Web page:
Transcribed by Hazel MacLaren, [email protected]
Private John MacLaren to his sister Katie McLaren Aug 1st 1915 [clippings from an Island Newspaper ]
The following letter was written by Private John MacLaren now at the front in France to his sister Katie MacLaren, Forest Hill
Machine Gun Section
Reg. no. 23163 , 4th Batt.1st brigade
"D" Company, Canadians, France
Aug 1st ,1915
Your welcome letter of July 24th, received today. Was glad to hear from you.
We are out of the trenches for a few days, in huts four miles back of the firing line.
We generally have a bath and clean up every time we come out.
We attended church service today. It is a lovely country around here, fine crops of all kinds, the best I have ever seen both in France and Belgium. The people are busy at the harvest now. They cut it with a kind of scythe .Big fields of heavy grain too.
The season is later here than in southern France.
One day we found a box sticking out side of a trench behind a ruined house, so we dug it out and found all kinds of bedding and blankets, which were buried there before the people fled from the Germans. We use the blankets to lie on in the dug outs .
Some of the people left everything in their houses, when they left.
Not many people knows what war means, and they cannot, unless they can see for themselves,
It's terrible, the destruction in Belgium and France with all the homeless people.
If they could see the wounded men in the trenches and the thousands of graves along the firing line ,the women and old men trying to do the work on the farms, they would have a better idea of what war means to those people.
Some places the Germans are only 40 yards from us and you can see the bodies between the trenches after a charge, and cannot get a chance to bury them in most cases
In our last charge, we lost our machine gun officer and had quite a number of wounded.
If the persons responsible for war had to fight themselves, there would be no more wars.
I met some of the "Island boys' that came over with me .Saw Joe Simons the other day, He is well and looks good. I will close now. hoping you are all well.
Love to all, Write soon,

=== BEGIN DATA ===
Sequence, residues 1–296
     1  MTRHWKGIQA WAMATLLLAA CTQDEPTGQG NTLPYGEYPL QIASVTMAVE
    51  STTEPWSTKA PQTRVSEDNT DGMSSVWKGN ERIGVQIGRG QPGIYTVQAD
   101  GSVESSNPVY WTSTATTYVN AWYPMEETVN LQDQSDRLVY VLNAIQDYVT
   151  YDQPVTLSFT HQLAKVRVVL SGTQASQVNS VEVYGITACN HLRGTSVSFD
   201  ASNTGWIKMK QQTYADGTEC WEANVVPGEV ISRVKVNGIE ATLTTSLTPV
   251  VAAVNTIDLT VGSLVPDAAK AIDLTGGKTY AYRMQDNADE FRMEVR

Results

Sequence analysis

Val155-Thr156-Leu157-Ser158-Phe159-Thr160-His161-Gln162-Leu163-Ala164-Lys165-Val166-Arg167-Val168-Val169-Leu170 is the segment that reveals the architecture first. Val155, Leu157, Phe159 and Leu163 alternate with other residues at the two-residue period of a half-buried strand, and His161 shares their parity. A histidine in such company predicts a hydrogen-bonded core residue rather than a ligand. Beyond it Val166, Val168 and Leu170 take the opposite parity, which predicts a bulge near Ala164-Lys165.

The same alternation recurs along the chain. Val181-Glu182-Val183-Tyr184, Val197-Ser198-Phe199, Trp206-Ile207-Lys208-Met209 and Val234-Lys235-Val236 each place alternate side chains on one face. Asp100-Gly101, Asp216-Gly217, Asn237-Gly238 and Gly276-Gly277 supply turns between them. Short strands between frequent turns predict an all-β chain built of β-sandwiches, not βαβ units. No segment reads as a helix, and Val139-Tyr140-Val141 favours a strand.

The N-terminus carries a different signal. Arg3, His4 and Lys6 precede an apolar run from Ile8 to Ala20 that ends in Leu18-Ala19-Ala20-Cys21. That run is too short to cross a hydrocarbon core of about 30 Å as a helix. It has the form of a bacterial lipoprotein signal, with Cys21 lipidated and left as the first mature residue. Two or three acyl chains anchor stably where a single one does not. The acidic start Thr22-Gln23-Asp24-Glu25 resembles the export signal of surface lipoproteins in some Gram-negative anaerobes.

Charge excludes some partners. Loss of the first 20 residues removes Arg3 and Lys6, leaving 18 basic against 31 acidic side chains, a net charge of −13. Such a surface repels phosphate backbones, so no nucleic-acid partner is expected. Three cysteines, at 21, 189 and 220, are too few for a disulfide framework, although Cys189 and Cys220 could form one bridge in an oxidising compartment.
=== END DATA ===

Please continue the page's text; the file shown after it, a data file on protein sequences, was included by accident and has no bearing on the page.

Note: Some time in the next year ,Johnny was promoted to Corporal
Officers Tributes to an Island soldier
Mr. Nathaniel McLaren of Forest Hill has received the following letter in reference to his son Corp. J. McLaren killed in action
Sept 21st 1916
Dear Mr MacLaren,
It is with the greatest regret and with assurance of my deepest sympathy, that I have to advise you of the death in action of your son no.23163 Corporal J.W. McLaren of our fourth Canadian Battalion. He was killed on the 8th inst. while doing his part nobly and well in front of his battalion I conducted the funeral service at 11;15 on Saturday Sept 9th and have asked our graves registration commission for a cross to mark the grave, which I hope will be here soon ,so that I can put it in position myself
Your loss is a heavy one ,but hope you are trying to appreciate the pride and honor inseparably connected with a death on the field of honor, for a great and noble cause.
This will remain as a permanent posession ,when lapse of time shall have made your fee lings of grief less acute.
Again, assuring you my deepest sympathy .
Yours very Sincerely.
Hqrs 1st ,Can. Infantry
Bldg .Bt, Ex, force France
Ottawa Sept 27th ,1916
Dear Mr.McLaren .
Will you kindly accept my sincere sympathy and condolence, in the decease of that worthy citizen and heroic soldier, your son Corpl John McLaren.
While one cannot too deeply mourn the loss of such a brave comrade, there is a consolation in knowing that he did his duty fearlessly and well, and gave his life for the cause of liberty and the up building of the empire.
again extending to you my heartfelt sympathy.
Faithfully, Sam Hughes
Minister of Militia and Defense of Canada